Rachel Atkinson

UTAS Home Dr Rachel Atkinson

Rachel Atkinson

Wicking Dementia Research & Education Centre

Room 417-22, Level 4 , Medical Science 1

+61 3 6226 4278 (phone)

Rachel Atkinson is a neuroscience lecturer in the Bachelor of Dementia Care. Her research interests are in frontotemporal dementia and amyotrophic lateral sclerosis and the proteins associated with these diseases.


Rachel carried out her undergraduate and postgraduate studies at the University of Tasmania. She submitted her PhD thesis in 2017 and is currently undertaking her first appointment as a balanced teaching/research academic in the Wicking Dementia Research and Education Centre at the University of Tasmania.

General Responsibilities

Rachel Atkinson is a neuroscience lecturer in the Bachelor of Dementia Care. Her research interests are in frontotemporal dementia and amyotrophic lateral sclerosis and the proteins associated with these diseases.

Career summary



Thesis title



Date of award


Frontotemporal dementia/ Amyotrophic lateral sclerosis proteins in neurite health and dysfunction

University of Tasmania



BBiotech and Med Res (1st Class Hons)

Frontotemporal dementia proteins in development: Insights into their normal role and relationship to disease

University of Tasmania


December, 2013


Neuroscience, dementia, ageing, neurodegeneration, human biology

Teaching expertise

Rachel has been involved in running practical sessions, carrying out tutorials and giving lectures for Human Biology, Histology and Neuroscience to medical, science and pharmacy students. She has also been a marker and tutor in the Bachelor of Dementia care for a range of units including: CAD110 (Negotiated Study in Understanding Dementia), CAD004 (Neurospeak – Understanding the Nervous System), CAD101 (Introduction to Ageing, the Brain and Dementia), CAD103 (Introduction to Dementia in Australia), CAD302 (Advanced Topics in the Neurobiology of Dementia) and CAD304 (Negotiated Project in Dementia).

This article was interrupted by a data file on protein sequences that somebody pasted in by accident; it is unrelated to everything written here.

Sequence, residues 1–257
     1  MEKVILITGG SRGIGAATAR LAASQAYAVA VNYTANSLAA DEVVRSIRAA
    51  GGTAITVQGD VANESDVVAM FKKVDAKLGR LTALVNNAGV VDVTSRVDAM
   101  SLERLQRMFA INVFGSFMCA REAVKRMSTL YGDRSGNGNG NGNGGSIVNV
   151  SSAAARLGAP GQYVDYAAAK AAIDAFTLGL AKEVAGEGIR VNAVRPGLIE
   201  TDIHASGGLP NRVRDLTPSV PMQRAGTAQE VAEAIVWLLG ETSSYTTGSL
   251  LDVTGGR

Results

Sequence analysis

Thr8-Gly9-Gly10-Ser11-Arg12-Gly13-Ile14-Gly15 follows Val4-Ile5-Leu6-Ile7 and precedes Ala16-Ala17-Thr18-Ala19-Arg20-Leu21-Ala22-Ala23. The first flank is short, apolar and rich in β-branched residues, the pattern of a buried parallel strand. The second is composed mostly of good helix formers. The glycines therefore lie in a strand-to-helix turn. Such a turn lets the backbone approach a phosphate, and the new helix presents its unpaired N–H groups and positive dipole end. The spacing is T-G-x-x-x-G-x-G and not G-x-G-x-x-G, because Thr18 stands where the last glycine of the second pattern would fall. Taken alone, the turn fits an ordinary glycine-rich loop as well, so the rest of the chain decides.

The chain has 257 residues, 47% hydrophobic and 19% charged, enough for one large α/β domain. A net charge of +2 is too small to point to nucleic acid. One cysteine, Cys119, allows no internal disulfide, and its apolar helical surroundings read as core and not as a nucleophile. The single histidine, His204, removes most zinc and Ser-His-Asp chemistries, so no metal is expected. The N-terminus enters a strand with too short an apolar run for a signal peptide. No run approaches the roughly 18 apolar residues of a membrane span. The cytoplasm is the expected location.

Teaching responsibility

Unit Co-ordinator Introduction to the Brain, Ageing and Dementia

View more on Dr Rachel Atkinson in WARP


Tissue Culture

Molecular Biology (cloning) and construct design

Viral techniques

Behavioural studies in mice

Advanced microscopy

Research Themes

Rachel’s research aligns to the University’s research theme of Better Health and with the NHMRA priority areas of Dementia and Ageing Well. As a member of the Wicking Centre, her research is targeted towards better understanding of the cellular and molecular mechanisms which underpin dementia. Rachel’s particular interests include understanding the underlying causes of frontotemporal dementia and amyotrophic lateral sclerosis.